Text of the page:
In other words, the structure of the national security apparatus serves to exert a deforming influence on the strategy(/ies) it creates. Strategy is build backwards from resources and programs rather than forwards from foundational assumptions. I'm extremely sympathetic to this argument (assuming Olson is actually making it).
There is not a single, decisive source nor any precise moment that determines the national interest and no fixed decisions on what its elements are.
Word. I would only add that this is, to a certain extent, one of the limitations of republican government (which the United States can only be said to pathetically imitate when it comes to national security). Frederick the Great, Jomini, and Delbruck all recognized this, explicitly or otherwise.
[W]e have a security architecture based on a doctrine, containment, that no longer applies, responding to a threat, the Soviets, that no longer exists. What passes for strategy today, along with all the institutional means for developing strategy, are legacy habits and institutions marching to the sound of the last drummer.
This echoes the excerpt two before this one ("without a strategic culture that tames this tendency"). It's tough to know whether Olson means to say that we really have no "strategic culture" or that we simply operate with one that's a holdover from times gone by (as this latter quote would seem to indicate), but functionally the two criticisms are the same.
"Strategy" as such is now the province of bureaucratic mechanisms, most of which are under the Department of Defense. Unlike the processes leading to NSC-68, presidents, cabinet secretaries, Congressional leadership are largely irrelevant to the development and implementation of strategy beyond endorsing bureaucratic products or tweaking the margins, hence the disconnect with ends and the repeated, mainly bureaucratic effort, to find in present circumstances the types of existential threats that recapitulate the Cold War menace and thereby justify the elaborate establishment necessary to meet such a threat.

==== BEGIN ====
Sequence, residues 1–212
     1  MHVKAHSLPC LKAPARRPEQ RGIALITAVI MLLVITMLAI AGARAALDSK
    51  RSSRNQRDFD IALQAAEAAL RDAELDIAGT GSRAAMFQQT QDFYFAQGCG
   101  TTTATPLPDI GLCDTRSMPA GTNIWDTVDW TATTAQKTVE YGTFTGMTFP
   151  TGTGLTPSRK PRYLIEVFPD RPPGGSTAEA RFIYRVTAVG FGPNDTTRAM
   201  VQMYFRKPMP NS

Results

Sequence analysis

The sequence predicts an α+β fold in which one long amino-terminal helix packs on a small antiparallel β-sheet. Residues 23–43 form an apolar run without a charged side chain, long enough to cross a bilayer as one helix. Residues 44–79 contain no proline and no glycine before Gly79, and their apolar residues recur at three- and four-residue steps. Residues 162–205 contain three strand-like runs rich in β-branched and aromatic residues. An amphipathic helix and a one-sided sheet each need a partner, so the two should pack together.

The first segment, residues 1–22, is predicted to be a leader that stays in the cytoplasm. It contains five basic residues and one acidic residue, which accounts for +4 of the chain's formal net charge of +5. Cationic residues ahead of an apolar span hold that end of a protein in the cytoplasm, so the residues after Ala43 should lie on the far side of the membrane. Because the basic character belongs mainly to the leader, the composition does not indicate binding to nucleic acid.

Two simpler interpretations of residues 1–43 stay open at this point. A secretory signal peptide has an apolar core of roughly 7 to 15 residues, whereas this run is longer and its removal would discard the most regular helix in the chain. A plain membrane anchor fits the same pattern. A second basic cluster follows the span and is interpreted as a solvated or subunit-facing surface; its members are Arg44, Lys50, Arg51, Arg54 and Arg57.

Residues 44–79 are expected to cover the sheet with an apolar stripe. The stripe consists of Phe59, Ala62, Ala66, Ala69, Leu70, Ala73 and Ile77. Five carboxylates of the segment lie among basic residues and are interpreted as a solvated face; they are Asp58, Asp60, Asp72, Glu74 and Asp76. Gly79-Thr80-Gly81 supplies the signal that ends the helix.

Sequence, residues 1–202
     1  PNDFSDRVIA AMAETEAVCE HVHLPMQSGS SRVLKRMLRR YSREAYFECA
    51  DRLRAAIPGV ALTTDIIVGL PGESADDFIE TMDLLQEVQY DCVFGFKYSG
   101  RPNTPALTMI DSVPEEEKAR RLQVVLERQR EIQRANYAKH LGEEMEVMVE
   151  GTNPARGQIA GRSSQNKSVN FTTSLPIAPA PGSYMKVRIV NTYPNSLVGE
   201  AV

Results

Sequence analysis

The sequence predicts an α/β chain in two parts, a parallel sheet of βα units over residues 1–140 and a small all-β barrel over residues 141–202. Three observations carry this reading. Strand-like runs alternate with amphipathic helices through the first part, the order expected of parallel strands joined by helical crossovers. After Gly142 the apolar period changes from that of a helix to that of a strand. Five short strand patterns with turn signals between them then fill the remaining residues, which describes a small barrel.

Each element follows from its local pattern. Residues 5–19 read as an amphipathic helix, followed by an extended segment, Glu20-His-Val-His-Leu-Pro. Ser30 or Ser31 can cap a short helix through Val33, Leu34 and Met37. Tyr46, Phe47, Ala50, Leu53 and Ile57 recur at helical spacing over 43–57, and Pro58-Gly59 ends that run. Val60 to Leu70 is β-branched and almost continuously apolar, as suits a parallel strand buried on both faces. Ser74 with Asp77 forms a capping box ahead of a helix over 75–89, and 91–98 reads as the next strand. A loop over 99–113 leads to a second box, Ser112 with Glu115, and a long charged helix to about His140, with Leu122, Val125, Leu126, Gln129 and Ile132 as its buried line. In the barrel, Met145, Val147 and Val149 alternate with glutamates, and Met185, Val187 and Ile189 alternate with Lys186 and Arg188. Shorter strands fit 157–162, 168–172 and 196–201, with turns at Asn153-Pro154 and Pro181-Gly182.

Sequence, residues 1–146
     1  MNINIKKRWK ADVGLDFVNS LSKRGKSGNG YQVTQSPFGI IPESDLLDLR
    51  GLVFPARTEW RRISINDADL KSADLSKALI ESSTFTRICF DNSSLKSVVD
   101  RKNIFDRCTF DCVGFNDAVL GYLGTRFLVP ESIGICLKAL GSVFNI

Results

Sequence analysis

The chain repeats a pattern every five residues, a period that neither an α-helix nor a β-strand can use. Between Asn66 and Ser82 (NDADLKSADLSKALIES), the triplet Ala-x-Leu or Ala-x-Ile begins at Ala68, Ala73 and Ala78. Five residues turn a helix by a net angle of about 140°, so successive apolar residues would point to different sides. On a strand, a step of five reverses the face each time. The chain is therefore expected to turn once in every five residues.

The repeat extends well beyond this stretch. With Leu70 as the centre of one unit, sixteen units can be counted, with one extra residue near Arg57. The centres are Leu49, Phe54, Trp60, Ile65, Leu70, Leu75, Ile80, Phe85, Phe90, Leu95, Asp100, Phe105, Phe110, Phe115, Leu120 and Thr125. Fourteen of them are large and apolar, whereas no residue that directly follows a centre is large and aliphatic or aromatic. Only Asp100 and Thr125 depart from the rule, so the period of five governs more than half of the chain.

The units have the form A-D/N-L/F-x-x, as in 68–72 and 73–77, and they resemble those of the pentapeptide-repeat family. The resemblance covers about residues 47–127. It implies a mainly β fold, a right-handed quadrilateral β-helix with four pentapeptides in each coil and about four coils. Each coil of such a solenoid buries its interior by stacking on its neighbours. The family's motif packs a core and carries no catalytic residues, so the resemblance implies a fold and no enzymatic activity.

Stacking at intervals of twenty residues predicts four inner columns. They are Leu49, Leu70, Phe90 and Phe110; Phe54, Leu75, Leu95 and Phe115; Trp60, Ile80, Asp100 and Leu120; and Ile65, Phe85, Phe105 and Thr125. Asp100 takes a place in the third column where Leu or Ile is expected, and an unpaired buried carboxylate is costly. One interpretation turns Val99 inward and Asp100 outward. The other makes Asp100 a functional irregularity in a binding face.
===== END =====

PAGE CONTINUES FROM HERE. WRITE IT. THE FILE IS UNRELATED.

Yes. This sentence went on about forty words too long, but yes.

What I take from all of this is that real strategy -- that is, process: the thinking application of ways and means to accomplish policy ends -- is impossible without a clear understanding of national priorities in global context, and that our system of government makes it basically impossible to determine and achieve consensus on such priorities absent a specific set of geopolitical circumstances like those produced by the World Wars or the Soviet threat. I don't agree that it must be this way, but it's a provocative explanation for America's repeated strategic failures.

1 comment:

  1. I started reading the second block quote and I had flashbacks of trying to read Sartre & Heidegger ("a thing unto itself"? My Dasein!). Clear writing doesn't have to be simple writing, so it is a shame that Olson's writing obscures an argument that I am apparently sympathetic towards.

    I wrote recently that the Afghan war was so detached from reality and lacking meaning that we ought to just consider it a game. Olson seems to be less sarcastic about the point, but it stands: What are we trying to accomplish anyway? Why? How?

    While I'm riffing; I'd like to see a study on how the bureaucratization of government, especially in the post-WWII era, impacted FP strategy development. One of the salient characteristics of bureaucracy is the insulation against responsibility. I wonder if that plays a role here.